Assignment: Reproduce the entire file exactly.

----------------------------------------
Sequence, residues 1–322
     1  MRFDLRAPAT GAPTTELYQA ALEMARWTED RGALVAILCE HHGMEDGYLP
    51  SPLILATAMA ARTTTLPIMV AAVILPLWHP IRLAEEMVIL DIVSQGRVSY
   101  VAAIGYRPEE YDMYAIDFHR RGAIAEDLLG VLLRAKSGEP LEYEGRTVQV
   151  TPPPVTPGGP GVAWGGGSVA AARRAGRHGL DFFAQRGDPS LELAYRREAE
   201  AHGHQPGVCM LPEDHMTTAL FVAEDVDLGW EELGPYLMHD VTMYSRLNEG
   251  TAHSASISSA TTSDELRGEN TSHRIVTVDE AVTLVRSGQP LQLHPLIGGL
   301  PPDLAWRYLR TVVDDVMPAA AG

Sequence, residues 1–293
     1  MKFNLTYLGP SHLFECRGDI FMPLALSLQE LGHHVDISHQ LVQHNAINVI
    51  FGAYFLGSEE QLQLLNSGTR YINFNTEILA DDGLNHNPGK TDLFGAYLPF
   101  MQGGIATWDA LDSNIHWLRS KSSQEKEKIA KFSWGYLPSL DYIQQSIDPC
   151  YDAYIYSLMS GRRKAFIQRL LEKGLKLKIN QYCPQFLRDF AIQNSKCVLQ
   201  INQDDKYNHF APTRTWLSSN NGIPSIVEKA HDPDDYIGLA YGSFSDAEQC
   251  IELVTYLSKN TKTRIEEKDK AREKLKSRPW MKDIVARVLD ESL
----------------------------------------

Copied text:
Sequence, residues 1–322
     1  MRFDLRAPAT GAPTTELYQA ALEMARWTED RGALVAILCE HHGMEDGYLP
    51  SPLILATAMA ARTTTLPIMV AAVILPLWHP IRLAEEMVIL DIVSQGRVSY
   101  VAAIGYRPEE YDMYAIDFHR RGAIAEDLLG VLLRAKSGEP LEYEGRTVQV
   151  TPPPVTPGGP GVAWGGGSVA AARRAGRHGL DFFAQRGDPS LELAYRREAE
   201  AHGHQPGVCM LPEDHMTTAL FVAEDVDLGW EELGPYLMHD VTMYSRLNEG
   251  TAHSASISSA TTSDELRGEN TSHRIVTVDE AVTLVRSGQP LQLHPLIGGL
   301  PPDLAWRYLR TVVDDVMPAA AG

Sequence, residues 1–293
     1  MKFNLTYLGP SHLFECRGDI FMPLALSLQE LGHHVDISHQ LVQHNAINVI
    51  FGAYFLGSEE QLQLLNSGTR YINFNTEILA DDGLNHNPGK TDLFGAYLPF
   101  MQGGIATWDA LDSNIHWLRS KSSQEKEKIA KFSWGYLPSL DYIQQSIDPC
   151  YDAYIYSLMS GRRKAFIQRL LEKGLKLKIN QYCPQFLRDF AIQNSKCVLQ
   201  INQDDKYNHF APTRTWLSSN NGIPSIVEKA HDPDDYIGLA YGSFSDAEQC
   251  IELVTYLSKN TKTRIEEKDK AREKLKSRPW MKDIVARVLD ESL